MMP137: Making More Money

I’ve talked lots on this podcast about budgeting and money management. I’ve encapsulated this in one of my three steps to financial freedom: spend less than you earn. But there are two ways of thinking about that little sentence. What if, instead of spending less than you earn, you earn more than you spend? In today’s show I’ll look at some ways for making more money…

Session 137 - Making More Money

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Always learning…

Today I listened to the always-excellent Smart Passive Income podcast. In this particular episode, Pat Flynn interviewed Joseph Michael, creator of, a course which, unsurprisingly, helps folk to learn Scrivener fast. If you don’t know, Scrivener is an app for planning, researching and executing on long-form writing projects like books. I love the software, so I knew I’d enjoy the podcast. In it, one line from Joseph stood out.

Always learning

He said that he often watches his own videos to re-learn stuff about the software he uses all the time. I actually laughed out loud, which, as I was listening on headphones when walking the dog, got me some funny looks from passers-by.

I laughed, because I do that all the time!

MMP136: Setting Multiple Goals

If you have more than one end goal for your investing, it can confuse your plans a little. Should you have separate investment pots for each goal? Different portfolio risk strategies? How to go about setting multiple goals is a question I was asked by one of the respondents to my 2015 listener survey, so I thought I’d strike while the proverbial iron is hot, and answer this one right away…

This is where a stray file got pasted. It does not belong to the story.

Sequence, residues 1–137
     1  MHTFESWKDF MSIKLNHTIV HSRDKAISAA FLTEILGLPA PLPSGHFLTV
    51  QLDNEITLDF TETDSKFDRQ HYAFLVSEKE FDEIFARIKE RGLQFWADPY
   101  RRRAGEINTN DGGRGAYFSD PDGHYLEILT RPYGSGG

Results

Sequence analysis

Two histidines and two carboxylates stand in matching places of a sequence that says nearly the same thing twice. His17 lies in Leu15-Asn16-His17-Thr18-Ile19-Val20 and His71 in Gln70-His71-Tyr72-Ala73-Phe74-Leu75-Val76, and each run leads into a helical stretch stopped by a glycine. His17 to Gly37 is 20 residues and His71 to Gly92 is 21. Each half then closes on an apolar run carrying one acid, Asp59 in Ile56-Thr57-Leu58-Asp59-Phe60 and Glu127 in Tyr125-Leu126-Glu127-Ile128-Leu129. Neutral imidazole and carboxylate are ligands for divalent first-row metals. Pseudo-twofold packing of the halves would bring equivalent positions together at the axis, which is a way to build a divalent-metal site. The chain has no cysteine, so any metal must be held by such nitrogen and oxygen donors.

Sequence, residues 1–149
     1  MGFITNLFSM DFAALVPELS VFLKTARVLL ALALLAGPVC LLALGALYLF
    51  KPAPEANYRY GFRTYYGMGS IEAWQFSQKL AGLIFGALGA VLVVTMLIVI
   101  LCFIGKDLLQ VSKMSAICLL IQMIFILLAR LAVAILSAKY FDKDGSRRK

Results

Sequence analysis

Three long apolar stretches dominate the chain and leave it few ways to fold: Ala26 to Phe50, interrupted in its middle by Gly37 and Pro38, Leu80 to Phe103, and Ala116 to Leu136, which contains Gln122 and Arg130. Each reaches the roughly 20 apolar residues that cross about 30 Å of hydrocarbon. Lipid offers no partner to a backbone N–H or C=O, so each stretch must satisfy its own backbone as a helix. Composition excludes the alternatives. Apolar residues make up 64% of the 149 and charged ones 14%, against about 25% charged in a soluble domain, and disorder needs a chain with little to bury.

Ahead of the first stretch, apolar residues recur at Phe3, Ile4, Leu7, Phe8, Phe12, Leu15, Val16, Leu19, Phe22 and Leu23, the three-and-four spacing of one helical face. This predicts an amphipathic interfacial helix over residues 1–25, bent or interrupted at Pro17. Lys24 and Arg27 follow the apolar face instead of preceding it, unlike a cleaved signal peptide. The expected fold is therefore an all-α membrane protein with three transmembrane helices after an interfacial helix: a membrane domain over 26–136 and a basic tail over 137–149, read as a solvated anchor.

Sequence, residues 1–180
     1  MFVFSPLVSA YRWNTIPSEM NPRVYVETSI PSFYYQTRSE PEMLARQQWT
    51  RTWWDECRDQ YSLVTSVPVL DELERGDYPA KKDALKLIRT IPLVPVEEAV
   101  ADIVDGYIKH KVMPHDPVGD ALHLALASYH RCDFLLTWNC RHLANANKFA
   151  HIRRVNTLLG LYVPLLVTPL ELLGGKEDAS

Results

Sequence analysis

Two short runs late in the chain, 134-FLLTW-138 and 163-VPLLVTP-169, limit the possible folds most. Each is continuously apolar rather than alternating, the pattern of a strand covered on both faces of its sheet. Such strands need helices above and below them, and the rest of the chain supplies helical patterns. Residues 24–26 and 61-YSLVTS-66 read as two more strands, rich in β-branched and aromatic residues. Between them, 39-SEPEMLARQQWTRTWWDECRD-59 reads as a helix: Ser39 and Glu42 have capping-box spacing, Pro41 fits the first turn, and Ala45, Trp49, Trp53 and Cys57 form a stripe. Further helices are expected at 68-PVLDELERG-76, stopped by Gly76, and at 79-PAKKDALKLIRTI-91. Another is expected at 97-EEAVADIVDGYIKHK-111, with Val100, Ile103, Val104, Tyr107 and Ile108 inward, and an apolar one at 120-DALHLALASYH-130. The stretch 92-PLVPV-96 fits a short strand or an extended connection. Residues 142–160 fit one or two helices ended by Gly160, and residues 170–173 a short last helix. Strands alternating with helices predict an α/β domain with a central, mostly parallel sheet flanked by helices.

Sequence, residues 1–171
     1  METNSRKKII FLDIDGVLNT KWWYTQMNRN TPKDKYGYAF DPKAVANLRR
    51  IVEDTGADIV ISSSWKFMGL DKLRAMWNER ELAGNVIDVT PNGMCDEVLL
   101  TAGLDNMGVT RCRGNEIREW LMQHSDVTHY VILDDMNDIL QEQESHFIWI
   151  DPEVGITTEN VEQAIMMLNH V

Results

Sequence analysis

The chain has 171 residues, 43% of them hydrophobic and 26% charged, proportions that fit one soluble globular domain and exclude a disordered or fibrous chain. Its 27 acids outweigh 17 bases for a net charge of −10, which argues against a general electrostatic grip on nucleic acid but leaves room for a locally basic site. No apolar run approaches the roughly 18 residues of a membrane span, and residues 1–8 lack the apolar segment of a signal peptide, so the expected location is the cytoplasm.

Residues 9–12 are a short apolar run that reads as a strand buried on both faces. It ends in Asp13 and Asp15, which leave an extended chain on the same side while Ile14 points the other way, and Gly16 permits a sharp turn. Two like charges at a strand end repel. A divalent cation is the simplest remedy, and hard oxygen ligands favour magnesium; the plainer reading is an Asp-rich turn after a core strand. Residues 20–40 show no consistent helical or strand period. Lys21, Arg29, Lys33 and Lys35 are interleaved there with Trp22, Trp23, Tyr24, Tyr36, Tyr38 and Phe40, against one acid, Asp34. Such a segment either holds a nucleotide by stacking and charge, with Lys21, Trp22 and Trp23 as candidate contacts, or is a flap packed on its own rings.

Setting multiple goals

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Financial Ignorance and mortgage overpayment

I recently watched the show Britain’s Spending Secrets, in which the always-good-value Ann Robinson probed into the differing financial habits of different levels of UK society. It was a really good piece of journalism, I thought, which didn’t shy away from asking some pretty difficult questions of the people featured.

Financial Ignorance

My favourites were the family (I’ll call them the Joneses) who bought a £190 pair of Tiffany sunglasses for their 14 year old daughter. Accompanying the Joneses on their spending spree was the mother of another family (The Smiths), who lived on a third of the income of the Joneses and yet was overpaying her mortgage diligently every month.

When informed of this, Mrs Jones scoffed and said to Mrs Smith words along the lines of: “A mortgage is a mortgage. My mortgage company won’t get a penny more out of me; I’m going to enjoy my money.”